For the first time ever, Wareham police officers will patrol the waters on jet skis.
“With 54 miles of coastline, it would appear that it’s about time,” Wareham Police Department spokesman Lieutenant Kevin Walsh said in an e-mail.
The pair of shiny blue Kawasaki Ultra 300x Jet Skis were provided to the police at no cost by Greater Boston Motorsports, a major supplier of off-road vehicles to public safety agencies across the state. For the past 12 years the Arlington-based store has participated in Kawasaki Motors Corp.’s watercraft public safety loan program, which allows agencies like the Wareham Police Department to try out jet skis for 11 months for free.
Since launching the program in 1989, Kawasaki vehicles have been provided to 1,400 law enforcement, lifesaving, and boating education agencies across the country.
“This isn’t for the guys to go out and sun themselves. This is an important program,” said Barry Eisenberg, manager of Greater Boston Motorsports. “A lot of agencies would like to have them.”
Greater Boston Motorsports received 15 requests from local agencies this year, said Eisenberg. The store gave two Kawasaki jet skis to Wareham and another pair to the Massachusetts State Police.
Kawasaki boasts that this particular model of personal watercraft, with its 300-horsepower engine, is “the most powerful Jet Ski ever built.” It can accommodate up to three people and reach speeds upwards of 65 miles per hour. The model’s suggested retail value is $14,699. (The name “Jet Ski” is a registered trademark for a type of personal watercraft manufactured by Kawasaki. Other brands include Sea-Doo and Yamaha WaveRunners.)
Wareham police said the jet skis will be used for “general patrol duties, law enforcement initiatives, and the promotion of safety measures” along the coastline and beach areas in town. Police will pay particular attention to boaters who operate their vessels under the influence of alcohol and minors who try to get away with drinking booze on local waterways.
Jet skis have been used by the Massachusetts Environmental Police since 1996. Some local police departments have also used them in the past.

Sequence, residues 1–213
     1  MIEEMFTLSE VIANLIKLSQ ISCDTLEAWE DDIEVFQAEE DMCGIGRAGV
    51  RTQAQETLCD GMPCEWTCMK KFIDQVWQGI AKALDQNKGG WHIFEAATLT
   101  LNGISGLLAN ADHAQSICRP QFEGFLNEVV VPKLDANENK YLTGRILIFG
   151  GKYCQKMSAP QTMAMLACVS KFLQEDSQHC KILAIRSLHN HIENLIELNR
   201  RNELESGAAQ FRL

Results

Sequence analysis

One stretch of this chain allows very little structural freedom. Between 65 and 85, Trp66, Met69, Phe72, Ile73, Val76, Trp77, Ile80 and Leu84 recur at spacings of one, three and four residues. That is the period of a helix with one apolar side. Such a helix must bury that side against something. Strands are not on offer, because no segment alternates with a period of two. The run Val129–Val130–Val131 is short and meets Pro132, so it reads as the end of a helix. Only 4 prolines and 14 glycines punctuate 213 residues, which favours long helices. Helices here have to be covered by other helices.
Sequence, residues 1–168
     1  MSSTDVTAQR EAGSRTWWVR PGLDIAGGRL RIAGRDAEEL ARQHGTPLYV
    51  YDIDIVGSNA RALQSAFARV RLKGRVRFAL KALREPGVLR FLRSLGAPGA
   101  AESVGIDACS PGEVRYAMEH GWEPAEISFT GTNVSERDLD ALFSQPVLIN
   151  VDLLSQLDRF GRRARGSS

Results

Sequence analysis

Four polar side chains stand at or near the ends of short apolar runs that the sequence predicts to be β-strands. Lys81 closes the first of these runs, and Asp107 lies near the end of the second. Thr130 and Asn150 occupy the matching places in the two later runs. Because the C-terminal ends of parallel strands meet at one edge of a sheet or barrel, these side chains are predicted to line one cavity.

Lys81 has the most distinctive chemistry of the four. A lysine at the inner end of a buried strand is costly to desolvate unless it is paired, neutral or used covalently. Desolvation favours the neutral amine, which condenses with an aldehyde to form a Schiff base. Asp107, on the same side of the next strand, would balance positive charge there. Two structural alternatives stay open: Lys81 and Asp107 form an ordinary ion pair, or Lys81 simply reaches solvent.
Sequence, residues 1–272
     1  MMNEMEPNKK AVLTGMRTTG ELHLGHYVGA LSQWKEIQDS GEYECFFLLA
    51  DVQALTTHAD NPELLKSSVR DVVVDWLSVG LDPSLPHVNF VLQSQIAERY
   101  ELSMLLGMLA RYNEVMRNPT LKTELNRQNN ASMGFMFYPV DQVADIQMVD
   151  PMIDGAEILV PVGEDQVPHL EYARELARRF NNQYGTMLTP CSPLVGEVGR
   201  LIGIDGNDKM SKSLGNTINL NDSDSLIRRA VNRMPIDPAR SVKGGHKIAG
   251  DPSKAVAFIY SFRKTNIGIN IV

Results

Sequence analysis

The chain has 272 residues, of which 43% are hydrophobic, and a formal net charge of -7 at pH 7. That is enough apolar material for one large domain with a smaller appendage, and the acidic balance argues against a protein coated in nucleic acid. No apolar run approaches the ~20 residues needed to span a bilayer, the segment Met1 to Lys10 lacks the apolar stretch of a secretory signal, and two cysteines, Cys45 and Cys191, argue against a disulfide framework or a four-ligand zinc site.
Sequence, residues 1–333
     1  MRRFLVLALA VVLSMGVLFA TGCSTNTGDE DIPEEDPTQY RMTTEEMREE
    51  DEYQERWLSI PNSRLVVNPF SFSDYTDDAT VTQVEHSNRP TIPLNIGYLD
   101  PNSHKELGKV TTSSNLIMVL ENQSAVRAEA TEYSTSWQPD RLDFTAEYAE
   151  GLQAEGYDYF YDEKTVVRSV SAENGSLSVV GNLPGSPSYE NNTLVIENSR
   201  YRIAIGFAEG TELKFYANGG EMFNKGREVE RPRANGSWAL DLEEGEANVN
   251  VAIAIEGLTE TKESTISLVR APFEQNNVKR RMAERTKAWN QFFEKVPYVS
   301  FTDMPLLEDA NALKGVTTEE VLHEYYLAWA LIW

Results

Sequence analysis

The Quincy Police Department launched a jet ski unit in 1999, when it received two jet skis through the same Kawasaki program. But the department no longer uses them, according to Lieutenant Robert Gillan, who leads the Quincy force’s marine unit.
Having to ride a jet ski on open ocean conditions, with decent-sized waves, is difficult for officers to do all day, he explained.
“There’s a fatigue factor,” said Gillan. “After four hours, you just want to get off of it.”
Gillan said he knows a number of police departments in Florida use personal watercraft for patrolling and responding to incidents in shallow water. Gillan said jet skis can also come in handy during special events, such as the Tall Ships, when there are lots of vessels that are close to each other, and they are useful “for maneuvering officers in and around in tight spaces.”
Overall, jet skis work better in waters that are more protected and shallow, said Gillan. In addition to that, officers had to store their radios, weapons, and gear in waterproof bags inside the jet ski, which created some “obvious tactical and communications problems,” said Gillan.
“In Quincy, our waters are not very shallow,” said Gillan. “It just wasn’t practical.”
The Halifax Police Department once considered using jet skis to patrol the Monponsett Ponds, but ultimately decided against it, according to Sergeant Ted Broderick.
“We looked at them,” said Broderick. “They weren’t quite what we needed.”
Under a similar lease-to-buy program, Halifax acquired a Sea-Doo jet boat, a 13-foot, four-passenger boat equipped with a jet drive, so there was no propeller in the water, said Broderick.
Halifax police officers used the boat for a decade and retired it a few years ago, he said.
Meanwhile, to promote safety on the water, the Massachusetts Environmental Police will offer a free safety boating course at the Houghs Neck Maritime Center in Quincy on Aug. 6, 13, and 20.
The course runs 10-12 hours in length. The normal format is five to six two-hour classes, though this may vary. Classes are for adults and children 12 years of age and older.
To sign up for the course, visit www.mass.gov/eea and go to the Massachusetts Environmental Police page.
The minimum age to operate personal watercraft in Massachusetts is 16, and teens between the ages of 16 and 18 must first pass an approved boating safety course prior to operating jet skis.